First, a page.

Is there an underground tunnel from the Lancaster County Courthouse to the Lancaster prison? [We the People report]

Old Lancaster Courthouse

This story was originally published Nov. 21, 2017. 

Rumors persist of a tunnel leading beneath the streets of Lancaster, connecting the Lancaster County Courthouse with the county prison more than six blocks — nearly three-quarters of a mile — away.

Curiosity about the legendary tunnel motivated LancasterOnline readers to choose the question in a recent round of voting for the ongoing We the People series — a reader-powered journalism project through which readers submit questions and then vote which one deserves investigation.

Is there an underground tunnel from the Lancaster County Courthouse to the Lancaster prison?

The short answer is — no such tunnel exists.

But there are good reasons why people believe it’s there.

Not everyone heard the rumor

Brett Hambright, spokesman for the district attorney’s office on the fifth floor of the courthouse, said he polled the staff and didn’t find anyone who heard the rumor of a courthouse-to-prison tunnel.

President Judge Dennis Reinaker also hadn’t heard it.

“I’m pretty sure there is no such thing,” he said.

Marianne Heckles, a research assistant at, said it’s new to her, too.

There were vaults for cold storage under the city’s old breweries, she said. “And there’s the sewer system and the storm drain system. But I don’t know if there are any other tunnels.”

A historian poses a theory

Heckles said she couldn’t unearth any evidence of a tunnel’s existence.

“As far as I know, there aren't any tunnels running between the courthouse and the county prison,” she said in a recent email.

Lancaster County Courthouse

Lancaster County Courthouse

“Of course, I could be wrong,” Heckles said. “But I somehow doubt it. It would have to be one VERY long tunnel.”

She guessed the rumor might have started because the courthouse and prison were built at around the same time — in the early 1850s.

She suggested the notion might have sprung from the time when the courthouse and jail were much closer together.

The old courthouse formerly stood in Penn Square, right where the Soldiers and Sailors Monument stands today. The jail was at the current site of the Fulton Opera House.

“I’m just speculating, and I have no way of knowing if there ever was a tunnel between the two, but it would be a much shorter distance to cover,” she said.

Does the warden know?

“It’s always been a rumor since I’ve been here,” said Warden Cheryl Steberger. “Inmates would be escorted down to the courthouse via this tunnel.”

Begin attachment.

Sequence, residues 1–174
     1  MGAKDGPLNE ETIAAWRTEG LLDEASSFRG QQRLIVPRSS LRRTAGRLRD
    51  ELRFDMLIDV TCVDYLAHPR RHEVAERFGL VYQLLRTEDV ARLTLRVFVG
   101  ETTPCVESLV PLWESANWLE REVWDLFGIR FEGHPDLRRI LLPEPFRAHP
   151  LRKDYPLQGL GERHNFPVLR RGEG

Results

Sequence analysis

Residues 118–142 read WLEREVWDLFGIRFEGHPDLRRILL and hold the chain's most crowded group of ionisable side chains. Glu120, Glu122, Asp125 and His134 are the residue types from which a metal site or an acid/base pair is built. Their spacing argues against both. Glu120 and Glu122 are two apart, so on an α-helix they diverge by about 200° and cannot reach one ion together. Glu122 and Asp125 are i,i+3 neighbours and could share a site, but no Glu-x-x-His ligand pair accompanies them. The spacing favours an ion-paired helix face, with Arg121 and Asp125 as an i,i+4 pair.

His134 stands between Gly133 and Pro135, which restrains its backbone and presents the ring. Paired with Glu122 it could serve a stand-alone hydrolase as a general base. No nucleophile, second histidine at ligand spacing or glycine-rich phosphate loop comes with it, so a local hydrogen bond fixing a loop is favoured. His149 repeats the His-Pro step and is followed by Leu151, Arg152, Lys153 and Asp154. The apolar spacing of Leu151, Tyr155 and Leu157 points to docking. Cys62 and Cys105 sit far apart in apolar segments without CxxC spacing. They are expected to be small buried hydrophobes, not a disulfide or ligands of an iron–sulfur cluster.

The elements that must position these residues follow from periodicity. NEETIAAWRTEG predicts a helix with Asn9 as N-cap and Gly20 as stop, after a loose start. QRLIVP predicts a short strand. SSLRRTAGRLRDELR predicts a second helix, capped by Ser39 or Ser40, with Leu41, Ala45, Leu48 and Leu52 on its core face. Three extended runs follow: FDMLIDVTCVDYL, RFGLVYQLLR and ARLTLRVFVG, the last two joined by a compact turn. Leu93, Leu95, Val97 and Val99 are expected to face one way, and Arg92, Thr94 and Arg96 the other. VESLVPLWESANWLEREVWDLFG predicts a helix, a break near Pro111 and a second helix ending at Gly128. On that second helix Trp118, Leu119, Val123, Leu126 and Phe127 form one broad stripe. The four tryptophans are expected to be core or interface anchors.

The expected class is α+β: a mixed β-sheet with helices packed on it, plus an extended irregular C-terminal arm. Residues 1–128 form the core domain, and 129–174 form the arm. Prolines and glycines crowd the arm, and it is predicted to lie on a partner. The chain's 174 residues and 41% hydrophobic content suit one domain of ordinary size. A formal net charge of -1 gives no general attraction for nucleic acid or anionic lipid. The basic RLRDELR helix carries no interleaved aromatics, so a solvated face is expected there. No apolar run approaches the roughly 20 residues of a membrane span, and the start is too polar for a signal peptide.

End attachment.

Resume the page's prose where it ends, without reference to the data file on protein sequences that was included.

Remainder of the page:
It sounds convenient, but that doesn’t mean it’s real.

“There’s no evidence of it ever existing,” Steberger said.

She turned the question over to day shift commander Lt. Benjamin Lefever III, a “real history buff” who’s “always digging into the historical side of the prison.”

Lefever set the record straight.

Digging for the truth

“There are absolutely rumors about the tunnel, but not here at 625 E. King St.,” Lefever said.

When Lancaster was formed as a county in 1729, he explained, the first jail was a log building on the property of the first county sheriff, Robert Barber, in Wright’s Ferry (now Columbia).

Lancaster County Prison

Lancaster County Prison

When the plans for the city were drawn up in 1730, he said, a plot was allocated for a jail at King and Prince streets, as Heckles said.

The work house, as it was called, wasn’t built until 1763, he said — the same year the Paxton gang massacred the last of the Conestoga Indians, who were sequestered there for their own protection.

Previously, Lefever said, “several undesignated buildings” were used to house prisoners in Lancaster.

Anyway, he said, the work house was torn down and a stone prison was built at the same site in 1774-75. And there it stayed until it was razed and the Fulton Opera House took its place.

“There was rumored to be a tunnel from the 1774 prison to the original Court House on Penn Square,” Lefever said.

“To the best of my knowledge, there is no written documentation of this tunnel,” he said. “Although our current prison has a rich history and many historical sections hidden from view, when it was originally built in 1850, there was nothing around us to have a tunnel connected to.”

1848 map of Lancaster

This excerpt from an 1848 map of Lancaster, provided by, shows at old county jail on Prince Street (No. 14) and the old county courthouse in Penn Square (No. 15).

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